REGIONS:

SUBSCRIBE:

Sign up for weekly updates

Journalist Lamees Dhaif summoned to Public Prosecutor's Office, faces charges under Penal Code

(BCHR/IFEX) - BCHR expresses its concern over the aggressive attitude of the local authorities towards journalists, writers and columnists, as many of them are prosecuted for exercising their professional right to report on issues of public interest.

Lamees Dhaif, a well known columnist, journalist and reporter, was recently summoned to the Public Prosecutor's Office on charges brought by the Supreme Judiciary Council deputy, after the journalist accused some members of the judiciary of corruption in a series of newspaper articles. The newspaper series, entitled, "Shameful case: The Time for Silence is Over", was part of a campaign by Dhaif calling for a family law. The articles included criticisms of the judicial authorities.

Dhaif was summoned to appear at the Public Prosecutor's Office on 5 March 2009 as a citizen rather than as a journalist expressing her views on public issues. She refused to appear unless the editor-in-chief of the media outlet she works for, "Al-Waqt" (Time) newspaper, as well as a representative of the Bahrain Journalists' Association (BJA), were present. The Public Prosecutor's Office has issued another summons calling for her and the other two representatives to appear.

Dhaif is facing charges under Article 216 of the Penal Code, which states that those who "publicly insult, in any form, the National Council, other statutory bodies, the army, the courts, the Authorities or the public interest" may be punished with "imprisonment or a fine." She faces the possibility of imprisonment for a term of up to three years. Article 216 does not specify the magnitude of the fine that can be applied, but rather leaves it up to the discretion of the judge.

Dhaif is a well known columnist who has commented on many issues of public interest that are considered subversive or sensitive and she has been harassed because of her work, especially during her previous employment at "Al-Ayam" newspaper, where many of her articles were not published due to censorship. In her current position at "Al-Waqt", Dhaif is also well known and online readers have posted comments applauding her courage and admiring her handling of issues that are of interest to the public. She has courageously tackled issues including corruption in many government bodies, politically motivated naturalization, prostitution, money laundering, human trafficking and drugs, religious freedoms, and education and labour rights, among others.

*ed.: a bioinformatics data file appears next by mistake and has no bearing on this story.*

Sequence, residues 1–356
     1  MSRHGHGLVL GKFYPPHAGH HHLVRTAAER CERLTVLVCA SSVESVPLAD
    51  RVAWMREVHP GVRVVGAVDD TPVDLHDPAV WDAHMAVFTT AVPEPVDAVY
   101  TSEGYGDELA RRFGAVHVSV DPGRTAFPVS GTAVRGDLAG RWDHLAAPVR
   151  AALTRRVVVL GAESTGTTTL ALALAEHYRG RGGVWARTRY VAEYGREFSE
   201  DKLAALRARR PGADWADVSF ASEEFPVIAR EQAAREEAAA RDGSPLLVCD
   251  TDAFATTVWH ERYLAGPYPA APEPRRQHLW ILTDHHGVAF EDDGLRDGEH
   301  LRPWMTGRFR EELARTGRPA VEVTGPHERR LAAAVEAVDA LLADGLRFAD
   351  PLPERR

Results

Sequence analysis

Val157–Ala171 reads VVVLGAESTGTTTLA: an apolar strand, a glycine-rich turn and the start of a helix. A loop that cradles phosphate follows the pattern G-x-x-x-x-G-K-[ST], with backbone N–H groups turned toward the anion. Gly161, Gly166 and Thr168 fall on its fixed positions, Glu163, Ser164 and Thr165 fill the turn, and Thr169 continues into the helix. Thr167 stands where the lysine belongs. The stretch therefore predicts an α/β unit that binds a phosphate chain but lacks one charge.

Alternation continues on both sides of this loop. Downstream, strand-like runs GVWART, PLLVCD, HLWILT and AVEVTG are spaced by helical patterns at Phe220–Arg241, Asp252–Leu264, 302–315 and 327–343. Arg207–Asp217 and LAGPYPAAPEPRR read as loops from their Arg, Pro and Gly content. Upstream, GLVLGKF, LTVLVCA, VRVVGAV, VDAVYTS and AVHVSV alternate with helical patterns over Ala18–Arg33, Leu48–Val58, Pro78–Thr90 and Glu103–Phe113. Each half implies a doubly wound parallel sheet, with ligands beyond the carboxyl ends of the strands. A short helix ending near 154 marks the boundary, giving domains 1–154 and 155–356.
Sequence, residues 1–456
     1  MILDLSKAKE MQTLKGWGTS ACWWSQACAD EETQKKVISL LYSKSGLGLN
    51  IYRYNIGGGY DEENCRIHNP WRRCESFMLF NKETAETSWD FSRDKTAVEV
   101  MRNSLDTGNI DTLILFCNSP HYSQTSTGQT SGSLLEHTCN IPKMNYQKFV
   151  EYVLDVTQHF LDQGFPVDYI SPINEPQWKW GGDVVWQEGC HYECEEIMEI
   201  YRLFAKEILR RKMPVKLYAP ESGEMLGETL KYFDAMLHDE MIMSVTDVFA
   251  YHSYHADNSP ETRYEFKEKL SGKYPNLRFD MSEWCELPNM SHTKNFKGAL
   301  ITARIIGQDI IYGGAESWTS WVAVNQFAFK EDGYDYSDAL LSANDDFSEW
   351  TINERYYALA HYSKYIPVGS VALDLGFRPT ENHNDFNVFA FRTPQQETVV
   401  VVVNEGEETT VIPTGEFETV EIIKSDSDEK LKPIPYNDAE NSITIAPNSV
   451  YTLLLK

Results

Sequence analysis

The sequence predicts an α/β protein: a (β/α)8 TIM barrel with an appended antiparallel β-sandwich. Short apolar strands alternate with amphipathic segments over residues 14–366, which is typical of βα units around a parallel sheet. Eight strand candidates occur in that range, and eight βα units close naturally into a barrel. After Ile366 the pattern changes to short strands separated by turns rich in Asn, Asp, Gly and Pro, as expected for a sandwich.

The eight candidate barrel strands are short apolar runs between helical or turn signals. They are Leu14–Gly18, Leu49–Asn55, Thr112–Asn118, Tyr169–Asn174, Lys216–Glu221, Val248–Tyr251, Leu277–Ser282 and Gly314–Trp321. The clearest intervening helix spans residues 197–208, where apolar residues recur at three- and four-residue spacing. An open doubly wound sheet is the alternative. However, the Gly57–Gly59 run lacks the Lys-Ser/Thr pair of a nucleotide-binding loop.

Dhaif, a BJA board member, has said: "The charges against me are based on the 1976 Penal Code and not the 2002 Press Code, that is, on the basis that I am a 'citizen' who violated the Penal Code and not a journalist practicing my profession and tackling issues considered defamatory to the Judiciary." She went on to say: "The Public Prosecutor's Office has opened another channel by which to prosecute journalists outside of the framework of the Press Code".

According to the BJA, the number of cases against journalists considered by the criminal courts in 2008 was 22. Some of the cases have been brought to a close while others are ongoing. In 2007, however, the number of cases against journalists came to 46, most of which were brought forward by high officials in the government or members of the House of Representatives.

Nabeel Rajab, the president of BCHR, said: "We are very alarmed by this escalation of actions against a journalist. This is the second such case within a week. Last week, Ms. Maryam Al-Shoroogi, another columnist and journalist, attended her first court session for criticizing a public office." Rajab added: "What worries us most is that the 2002 Press Code has dual punishments; one by way of its stipulations of specific penalties and the other by leading to more severe punishments using other laws like the Penal Code, or even the notorious Counter Terrorism Law. We demand that both laws, the Press Code and the Penal Code, be amended to conform to international standards preventing the imprisonment of journalists for performing their duties."

Latest Tweet:

Internet shutdown in #Yemen: Recurring disruptions threaten civilian safety, human rights, and press freedom… https://t.co/c1L9t0eKgC